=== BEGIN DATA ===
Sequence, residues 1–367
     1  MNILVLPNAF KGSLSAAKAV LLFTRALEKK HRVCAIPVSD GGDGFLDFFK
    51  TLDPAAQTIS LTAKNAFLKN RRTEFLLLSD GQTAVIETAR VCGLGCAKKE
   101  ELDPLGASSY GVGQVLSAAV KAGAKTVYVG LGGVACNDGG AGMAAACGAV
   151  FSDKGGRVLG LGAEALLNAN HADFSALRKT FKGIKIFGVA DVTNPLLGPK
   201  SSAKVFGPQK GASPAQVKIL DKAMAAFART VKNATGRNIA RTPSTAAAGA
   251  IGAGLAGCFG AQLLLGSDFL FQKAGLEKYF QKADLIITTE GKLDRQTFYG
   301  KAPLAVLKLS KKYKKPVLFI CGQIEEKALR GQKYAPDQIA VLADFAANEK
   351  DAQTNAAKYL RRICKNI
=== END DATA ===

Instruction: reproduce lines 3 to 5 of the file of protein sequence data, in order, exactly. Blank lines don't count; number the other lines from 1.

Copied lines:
    51  TLDPAAQTIS LTAKNAFLKN RRTEFLLLSD GQTAVIETAR VCGLGCAKKE
   101  ELDPLGASSY GVGQVLSAAV KAGAKTVYVG LGGVACNDGG AGMAAACGAV
   151  FSDKGGRVLG LGAEALLNAN HADFSALRKT FKGIKIFGVA DVTNPLLGPK